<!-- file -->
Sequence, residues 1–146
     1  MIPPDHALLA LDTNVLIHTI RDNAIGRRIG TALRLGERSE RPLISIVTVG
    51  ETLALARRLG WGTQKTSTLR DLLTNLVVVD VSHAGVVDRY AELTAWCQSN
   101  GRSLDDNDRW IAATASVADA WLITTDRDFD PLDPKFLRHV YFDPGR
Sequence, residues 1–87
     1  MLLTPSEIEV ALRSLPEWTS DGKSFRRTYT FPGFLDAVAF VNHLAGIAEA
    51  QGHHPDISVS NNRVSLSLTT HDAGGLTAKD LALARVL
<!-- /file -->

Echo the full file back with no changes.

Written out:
Sequence, residues 1–146
     1  MIPPDHALLA LDTNVLIHTI RDNAIGRRIG TALRLGERSE RPLISIVTVG
    51  ETLALARRLG WGTQKTSTLR DLLTNLVVVD VSHAGVVDRY AELTAWCQSN
   101  GRSLDDNDRW IAATASVADA WLITTDRDFD PLDPKFLRHV YFDPGR
Sequence, residues 1–87
     1  MLLTPSEIEV ALRSLPEWTS DGKSFRRTYT FPGFLDAVAF VNHLAGIAEA
    51  QGHHPDISVS NNRVSLSLTT HDAGGLTAKD LALARVL